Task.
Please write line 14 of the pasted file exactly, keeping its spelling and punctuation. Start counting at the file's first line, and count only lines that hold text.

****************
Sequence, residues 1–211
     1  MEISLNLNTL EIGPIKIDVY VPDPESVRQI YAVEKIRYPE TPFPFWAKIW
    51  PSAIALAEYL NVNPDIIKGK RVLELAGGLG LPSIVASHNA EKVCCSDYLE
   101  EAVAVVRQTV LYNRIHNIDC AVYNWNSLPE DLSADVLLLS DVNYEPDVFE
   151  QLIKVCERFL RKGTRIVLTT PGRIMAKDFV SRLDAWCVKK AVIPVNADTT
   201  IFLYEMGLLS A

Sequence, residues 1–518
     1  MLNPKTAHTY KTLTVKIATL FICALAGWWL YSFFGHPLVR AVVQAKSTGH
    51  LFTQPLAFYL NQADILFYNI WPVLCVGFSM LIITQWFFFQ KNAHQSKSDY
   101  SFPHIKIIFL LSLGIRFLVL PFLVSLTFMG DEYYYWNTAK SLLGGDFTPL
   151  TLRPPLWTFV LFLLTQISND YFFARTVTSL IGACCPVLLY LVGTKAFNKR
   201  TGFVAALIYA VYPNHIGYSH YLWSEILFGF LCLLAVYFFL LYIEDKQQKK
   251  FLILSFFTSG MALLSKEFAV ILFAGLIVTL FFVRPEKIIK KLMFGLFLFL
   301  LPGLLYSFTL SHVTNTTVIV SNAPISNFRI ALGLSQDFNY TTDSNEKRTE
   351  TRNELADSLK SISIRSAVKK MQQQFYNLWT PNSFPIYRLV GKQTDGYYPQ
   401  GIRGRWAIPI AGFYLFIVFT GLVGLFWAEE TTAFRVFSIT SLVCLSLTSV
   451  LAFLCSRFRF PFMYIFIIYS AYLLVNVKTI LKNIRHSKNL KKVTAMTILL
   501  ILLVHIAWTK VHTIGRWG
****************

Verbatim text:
   301  LPGLLYSFTL SHVTNTTVIV SNAPISNFRI ALGLSQDFNY TTDSNEKRTE